|Full name||Vladimir Andreevich Makogonov|
|Born||August 27, 1904
|Title||International Master (1950)
Grandmaster (honorary, 1987)
Vladimir Andreevich Makogonov (Russian: Влади́мир Андре́евич Макого́нов, August 27, 1904 - January 2, 1993) was a chess player from Azerbaijan. He was born in Nakhchivan but lived in Baku for most of his life. He became an International Master in 1950 and was awarded an honorary Grandmaster title in 1987.
Makogonov never became well known outside the Soviet Union, but was highly respected in his country as a player and coach. He was one of the world's strongest players in the 1940s: Chessmetrics calculates his highest historical rating as 2735 in October 1945, and his highest historical world rank as fifth in July 1945.
Makogonov was five-time champion of Azerbaijan from 1947 to 1952 and played in eight USSR Championships between 1927 and 1947, his best result being fourth in 1937 and a tie for fourth place in 1939. Notable tournament results include a tie for third place at Leningrad-Moscow 1939 behind Salo Flohr and Samuel Reshevsky, and second place at Sverdlovsk 1943 behind Mikhail Botvinnik, but ahead of Vasily Smyslov and Isaac Boleslavsky. In 1942, he defeated Salo Flohr in a twelve-game match held in Baku by a score of 7½-4½. He played on Board 9 in the 1945 USSR-USA radio match, beating Abraham Kupchik 1½-½. He stopped playing competitively in the 1950s.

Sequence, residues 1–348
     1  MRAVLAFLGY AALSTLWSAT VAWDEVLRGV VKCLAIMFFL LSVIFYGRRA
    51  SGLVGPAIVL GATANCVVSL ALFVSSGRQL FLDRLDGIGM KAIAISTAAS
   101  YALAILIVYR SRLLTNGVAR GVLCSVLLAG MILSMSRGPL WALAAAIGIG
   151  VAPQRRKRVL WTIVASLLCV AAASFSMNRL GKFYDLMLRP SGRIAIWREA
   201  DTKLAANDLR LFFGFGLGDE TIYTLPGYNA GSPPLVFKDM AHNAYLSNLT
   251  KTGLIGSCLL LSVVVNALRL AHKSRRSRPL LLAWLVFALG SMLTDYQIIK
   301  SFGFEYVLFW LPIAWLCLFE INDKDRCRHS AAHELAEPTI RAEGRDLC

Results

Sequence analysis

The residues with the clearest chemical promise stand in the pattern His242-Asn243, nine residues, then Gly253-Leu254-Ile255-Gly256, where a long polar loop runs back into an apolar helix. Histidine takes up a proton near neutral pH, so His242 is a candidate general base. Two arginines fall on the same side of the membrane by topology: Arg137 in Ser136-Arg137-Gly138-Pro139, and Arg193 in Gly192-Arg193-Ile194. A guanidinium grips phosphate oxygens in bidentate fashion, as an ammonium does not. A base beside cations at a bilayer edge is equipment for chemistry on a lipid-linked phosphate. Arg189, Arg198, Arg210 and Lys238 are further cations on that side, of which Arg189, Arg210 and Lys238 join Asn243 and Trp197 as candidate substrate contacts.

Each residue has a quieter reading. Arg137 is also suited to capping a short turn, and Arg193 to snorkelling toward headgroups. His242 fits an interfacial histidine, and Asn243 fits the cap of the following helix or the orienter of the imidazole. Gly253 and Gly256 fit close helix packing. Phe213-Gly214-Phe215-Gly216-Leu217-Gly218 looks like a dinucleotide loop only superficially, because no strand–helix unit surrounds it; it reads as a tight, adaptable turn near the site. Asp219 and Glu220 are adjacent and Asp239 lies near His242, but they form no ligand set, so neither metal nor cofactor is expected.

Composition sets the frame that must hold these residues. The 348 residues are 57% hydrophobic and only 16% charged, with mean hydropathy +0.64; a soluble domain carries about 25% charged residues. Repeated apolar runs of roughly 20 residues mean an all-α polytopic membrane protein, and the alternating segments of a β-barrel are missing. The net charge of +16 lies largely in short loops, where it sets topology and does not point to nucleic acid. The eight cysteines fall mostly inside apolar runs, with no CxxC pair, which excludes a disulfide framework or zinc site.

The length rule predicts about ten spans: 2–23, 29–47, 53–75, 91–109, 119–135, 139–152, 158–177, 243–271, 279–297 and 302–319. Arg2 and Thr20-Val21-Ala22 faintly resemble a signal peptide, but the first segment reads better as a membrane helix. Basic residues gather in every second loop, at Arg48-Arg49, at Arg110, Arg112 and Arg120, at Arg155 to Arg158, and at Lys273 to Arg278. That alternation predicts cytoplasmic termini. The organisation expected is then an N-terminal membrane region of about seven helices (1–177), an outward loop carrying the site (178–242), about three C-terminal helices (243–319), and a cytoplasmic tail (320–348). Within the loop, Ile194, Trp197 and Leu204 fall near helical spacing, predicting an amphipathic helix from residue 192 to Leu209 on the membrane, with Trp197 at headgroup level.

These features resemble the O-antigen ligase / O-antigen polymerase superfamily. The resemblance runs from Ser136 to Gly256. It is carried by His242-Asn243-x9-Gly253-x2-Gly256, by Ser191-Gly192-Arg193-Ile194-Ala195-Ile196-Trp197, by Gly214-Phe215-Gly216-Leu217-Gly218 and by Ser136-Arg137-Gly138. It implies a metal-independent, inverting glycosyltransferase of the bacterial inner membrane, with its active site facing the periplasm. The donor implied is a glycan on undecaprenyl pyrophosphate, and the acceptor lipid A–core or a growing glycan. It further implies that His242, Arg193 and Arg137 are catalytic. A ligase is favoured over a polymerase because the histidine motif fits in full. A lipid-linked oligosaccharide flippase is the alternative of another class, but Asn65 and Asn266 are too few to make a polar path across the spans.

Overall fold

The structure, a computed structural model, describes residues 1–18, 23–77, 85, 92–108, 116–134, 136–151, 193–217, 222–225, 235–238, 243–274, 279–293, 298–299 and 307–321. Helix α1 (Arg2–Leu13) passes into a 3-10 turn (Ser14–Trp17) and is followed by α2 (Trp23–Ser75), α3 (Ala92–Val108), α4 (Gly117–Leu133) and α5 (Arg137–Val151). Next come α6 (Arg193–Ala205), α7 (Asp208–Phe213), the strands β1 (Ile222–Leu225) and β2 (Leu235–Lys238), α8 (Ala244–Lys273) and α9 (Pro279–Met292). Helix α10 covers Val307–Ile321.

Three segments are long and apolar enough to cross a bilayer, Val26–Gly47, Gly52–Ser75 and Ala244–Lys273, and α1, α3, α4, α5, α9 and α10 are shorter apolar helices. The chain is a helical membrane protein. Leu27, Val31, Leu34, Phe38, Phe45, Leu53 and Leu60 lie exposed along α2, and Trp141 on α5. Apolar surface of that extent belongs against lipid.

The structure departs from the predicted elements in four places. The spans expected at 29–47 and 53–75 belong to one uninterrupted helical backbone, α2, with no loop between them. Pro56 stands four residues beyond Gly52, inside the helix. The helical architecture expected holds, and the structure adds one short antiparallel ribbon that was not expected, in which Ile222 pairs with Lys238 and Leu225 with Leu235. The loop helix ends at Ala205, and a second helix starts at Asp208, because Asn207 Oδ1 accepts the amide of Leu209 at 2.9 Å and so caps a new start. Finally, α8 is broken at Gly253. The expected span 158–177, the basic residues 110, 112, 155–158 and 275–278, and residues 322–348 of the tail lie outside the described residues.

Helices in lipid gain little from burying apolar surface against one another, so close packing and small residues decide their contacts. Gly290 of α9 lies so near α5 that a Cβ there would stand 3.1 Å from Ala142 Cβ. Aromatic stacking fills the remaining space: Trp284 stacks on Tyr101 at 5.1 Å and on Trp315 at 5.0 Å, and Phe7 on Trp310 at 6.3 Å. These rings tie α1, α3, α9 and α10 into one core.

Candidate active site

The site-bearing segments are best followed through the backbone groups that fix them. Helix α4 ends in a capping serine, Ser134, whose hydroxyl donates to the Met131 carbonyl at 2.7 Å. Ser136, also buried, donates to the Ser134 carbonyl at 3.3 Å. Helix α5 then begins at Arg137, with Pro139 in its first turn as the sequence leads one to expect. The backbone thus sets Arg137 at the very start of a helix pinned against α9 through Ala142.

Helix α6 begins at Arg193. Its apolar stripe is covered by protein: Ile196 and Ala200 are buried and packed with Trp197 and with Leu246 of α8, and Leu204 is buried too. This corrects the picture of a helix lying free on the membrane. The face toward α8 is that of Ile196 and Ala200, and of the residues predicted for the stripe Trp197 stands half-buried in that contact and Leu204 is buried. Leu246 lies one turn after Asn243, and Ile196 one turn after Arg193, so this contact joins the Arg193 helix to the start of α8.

Makogonov was also very well known as a chess coach. He helped Vasily Smyslov prepare for his 1957 World Chess Championship match against Mikhail Botvinnik. He trained Vladimir Bagirov and Genrikh Chepukaitis, and on Botvinnik's recommendation, became one of the young Garry Kasparov's first teachers.
His brother, Mikhail Makogonov (1900-43), was also a chess master; they tied for first in the first Baku chess championship in 1923.
Makogonov died on January 2, 1993 at the age of 88.
As a player, Makogonov was noted for his positional style. He made several contributions to chess opening theory; there is a Makogonov Variation in the King's Indian Defence (1.d4 Nf6 2.c4 g6 3.Nc3 Bg7 4.e4 d6 5.h3) and in the Grünfeld Defence (1.d4 Nf6 2.c4 g6 3.Nc3 d5 4.Nf3 Bg7 5.e3 0-0 6.b4). He helped develop the Tartakower System in the Queen's Gambit Declined, which is called the Tartakower-Makogonov-Bondarevsky System or TMB System in Russian.